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  1. #61

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    Quote Originally Posted by MattKing View Post
    [...]

    This was all before digital.

    Then what happened ...?

  2. #62
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    Quote Originally Posted by Poisson Du Jour View Post
    Then what happened ...?
    By that, I meant that this was before there were digital techniques available to "enhance" the results - about 1984, I would guess.
    Matt

    “Photography is a complex and fluid medium, and its many factors are not applied in simple sequence. Rather, the process may be likened to the art of the juggler in keeping many balls in the air at one time!”

    Ansel Adams, from the introduction to The Negative - The New Ansel Adams Photography Series / Book 2

  3. #63

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    Quote Originally Posted by MattKing View Post
    By that, I meant that this was before there were digital techniques available to "enhance" the results - about 1984, I would guess.
    Still, you could probably duplicate it onto a larger piece of film and then print that image, giving you a finer grain look than the original image even if it didn't actually increase the quality at all, it would "appear" to be a finer grain than the reality of it all ... basically, old school extrapolation

  4. #64

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    Quote Originally Posted by StoneNYC View Post
    Still, you could probably duplicate it onto a larger piece of film and then print that image, giving you a finer grain look than the original image even if it didn't actually increase the quality at all, it would "appear" to be a finer grain than the reality of it all ... basically, old school extrapolation
    It would probably have to be done something like that. You would have to have an extremely contrasty negative to make a print that large directly enlarging from the original negative too.

  5. #65

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    I was working photo retail when the disk camera came out and all the salesmen preordereda personal employee discount one: until we saw the real life photos and then we let other people buy the cameras. No problem with film flatness though. Crappy lenses and grainy film just like most Kodak consumer stuff.

  6. #66
    PDH
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    Quote Originally Posted by Yashinoff View Post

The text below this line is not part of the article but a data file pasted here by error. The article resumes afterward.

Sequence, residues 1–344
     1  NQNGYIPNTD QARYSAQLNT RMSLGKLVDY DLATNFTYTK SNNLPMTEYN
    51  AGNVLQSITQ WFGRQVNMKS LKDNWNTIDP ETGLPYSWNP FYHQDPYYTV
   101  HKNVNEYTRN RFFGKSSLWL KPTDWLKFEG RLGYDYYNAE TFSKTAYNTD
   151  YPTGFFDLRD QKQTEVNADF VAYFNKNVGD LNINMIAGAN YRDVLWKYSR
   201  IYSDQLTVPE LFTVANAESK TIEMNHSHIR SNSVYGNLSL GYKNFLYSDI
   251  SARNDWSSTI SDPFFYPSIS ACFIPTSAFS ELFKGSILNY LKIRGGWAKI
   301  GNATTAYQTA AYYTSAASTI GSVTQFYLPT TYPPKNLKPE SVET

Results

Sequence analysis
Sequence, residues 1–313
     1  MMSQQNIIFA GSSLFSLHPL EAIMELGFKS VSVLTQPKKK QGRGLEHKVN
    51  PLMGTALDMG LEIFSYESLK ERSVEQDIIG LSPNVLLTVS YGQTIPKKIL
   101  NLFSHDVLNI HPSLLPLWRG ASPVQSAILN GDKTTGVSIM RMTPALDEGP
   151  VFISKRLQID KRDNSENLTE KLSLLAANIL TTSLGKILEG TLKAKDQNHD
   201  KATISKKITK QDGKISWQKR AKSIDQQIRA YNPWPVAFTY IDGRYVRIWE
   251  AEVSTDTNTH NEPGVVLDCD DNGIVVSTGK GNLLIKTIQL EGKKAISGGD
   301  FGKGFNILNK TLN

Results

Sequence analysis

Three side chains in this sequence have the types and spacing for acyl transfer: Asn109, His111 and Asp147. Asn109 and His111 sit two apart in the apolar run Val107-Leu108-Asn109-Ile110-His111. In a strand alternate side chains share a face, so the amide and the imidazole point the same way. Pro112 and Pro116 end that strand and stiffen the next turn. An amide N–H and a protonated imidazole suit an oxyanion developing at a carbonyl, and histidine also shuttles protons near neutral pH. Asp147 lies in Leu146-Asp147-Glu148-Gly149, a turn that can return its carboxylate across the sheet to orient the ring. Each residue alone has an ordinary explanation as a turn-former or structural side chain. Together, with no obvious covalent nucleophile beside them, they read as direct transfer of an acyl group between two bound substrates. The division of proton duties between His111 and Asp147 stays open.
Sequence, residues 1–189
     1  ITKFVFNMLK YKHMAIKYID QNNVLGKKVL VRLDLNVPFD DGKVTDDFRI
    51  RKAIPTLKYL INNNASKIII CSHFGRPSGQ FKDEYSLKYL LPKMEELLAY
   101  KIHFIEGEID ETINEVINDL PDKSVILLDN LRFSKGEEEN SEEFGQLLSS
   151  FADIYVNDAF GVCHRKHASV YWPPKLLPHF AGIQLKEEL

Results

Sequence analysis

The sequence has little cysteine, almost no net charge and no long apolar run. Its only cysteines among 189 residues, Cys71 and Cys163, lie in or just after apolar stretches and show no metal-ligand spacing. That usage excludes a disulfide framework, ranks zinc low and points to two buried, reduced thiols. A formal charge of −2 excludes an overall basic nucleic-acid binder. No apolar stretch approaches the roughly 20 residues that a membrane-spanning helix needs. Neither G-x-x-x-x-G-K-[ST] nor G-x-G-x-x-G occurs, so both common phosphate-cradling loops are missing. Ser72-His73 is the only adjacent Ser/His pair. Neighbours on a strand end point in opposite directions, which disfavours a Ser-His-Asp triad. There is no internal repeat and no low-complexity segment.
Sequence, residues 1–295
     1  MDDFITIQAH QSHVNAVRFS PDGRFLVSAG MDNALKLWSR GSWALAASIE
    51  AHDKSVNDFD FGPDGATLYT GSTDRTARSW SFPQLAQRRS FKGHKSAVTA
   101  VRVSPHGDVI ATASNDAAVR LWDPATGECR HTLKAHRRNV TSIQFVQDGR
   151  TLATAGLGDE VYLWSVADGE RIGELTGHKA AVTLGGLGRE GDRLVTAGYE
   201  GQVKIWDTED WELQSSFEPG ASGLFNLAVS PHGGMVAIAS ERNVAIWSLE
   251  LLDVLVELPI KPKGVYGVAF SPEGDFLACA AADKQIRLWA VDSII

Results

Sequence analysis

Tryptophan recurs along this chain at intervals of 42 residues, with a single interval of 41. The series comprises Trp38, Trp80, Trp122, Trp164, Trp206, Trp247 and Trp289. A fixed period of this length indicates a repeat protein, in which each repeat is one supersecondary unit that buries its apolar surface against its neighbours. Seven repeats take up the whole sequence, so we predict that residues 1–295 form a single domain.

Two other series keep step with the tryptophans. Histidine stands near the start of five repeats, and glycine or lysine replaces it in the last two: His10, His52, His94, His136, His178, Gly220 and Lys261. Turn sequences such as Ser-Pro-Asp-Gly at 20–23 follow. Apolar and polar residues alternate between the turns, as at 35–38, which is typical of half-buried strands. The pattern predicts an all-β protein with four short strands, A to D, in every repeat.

Nikon made a 126 SLR? I know Ricoh did, and so did Zeiss Ikon and Rollei.
    My bad, I was thinking of the Zeiss or Rollei.

  7. #67

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    Zeiss Ikon had a couple of 126 cameras. One was a very simple point and click model with a Frontar lens, while another is the more complex "Contaflex 126" -- an SLR with a cloth focal-plane shutter and interchangeable lenses. You can argue easily that the Carl Zeiss-branded lenses were much better than the body.

    Rollei had the Rollei A26, which was a push-pull affair similar to the A110/E110 cameras. The A26 has a scale-focus Sonnar lens and a bolt-on flash unit with a sealed rechargeable battery.

    The Rolleiflex SL26 is a compact SLR with interchangeable Pro-Tessar front elements (akin to the Zeis Ikon Contaflex 35mm SLRs). It has a Synchro-Compur leaf shutter with match-needle manual exposure.

    The camera packs a frightening large number of gears and components into a small body, all just begging for some kind of breakdown.

    I think that the Rolleiflex SL26 is the best of the four that I mention here, and the A26 isn't too far behind. I'd really like to test the Contaflex 126, but I've given up on trying to find a working body.

  8. #68

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    The best film camera money can buy?

    Quote Originally Posted by elekm View Post
    Zeiss Ikon had a couple of 126 cameras. One was a very simple point and click model with a Frontar lens, while another is the more complex "Contaflex 126" -- an SLR with a cloth focal-plane shutter and interchangeable lenses. You can argue easily that the Carl Zeiss-branded lenses were much better than the body.

    Rollei had the Rollei A26, which was a push-pull affair similar to the A110/E110 cameras. The A26 has a scale-focus Sonnar lens and a bolt-on flash unit with a sealed rechargeable battery.

    The Rolleiflex SL26 is a compact SLR with interchangeable Pro-Tessar front elements (akin to the Zeis Ikon Contaflex 35mm SLRs). It has a Synchro-Compur leaf shutter with match-needle manual exposure.

    The camera packs a frightening large number of gears and components into a small body, all just begging for some kind of breakdown.

    I think that the Rolleiflex SL26 is the best of the four that I mention here, and the A26 isn't too far behind. I'd really like to test the Contaflex 126, but I've given up on trying to find a working body.
    You mention finding a working body? Are you saying its easy to get 126 film?


    ~Stone

    The Noteworthy Ones - Mamiya: 7 II, RZ67 Pro II / Canon: 1V, AE-1 / Kodak: No 1 Pocket Autographic, No 1A Pocket Autographic

    Sent from my iPhone using Tapatalk

  9. #69

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    The Contarex...
    Beautiful lenses attached to a klunky hunk of a camera

    Annoying meter interlock on the bullseyes (it doesn't let you choose EVs out of it's metering range), heavy, bulky, not reliable, takes 5 PhDs and a Swiss watchmaker to repair/overhaul
    Does look pretty, though

  10. #70

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    I still have some 126 that I bought several years ago. And I've given some thought to refilling a 126 cartridge with 35mm using this method.

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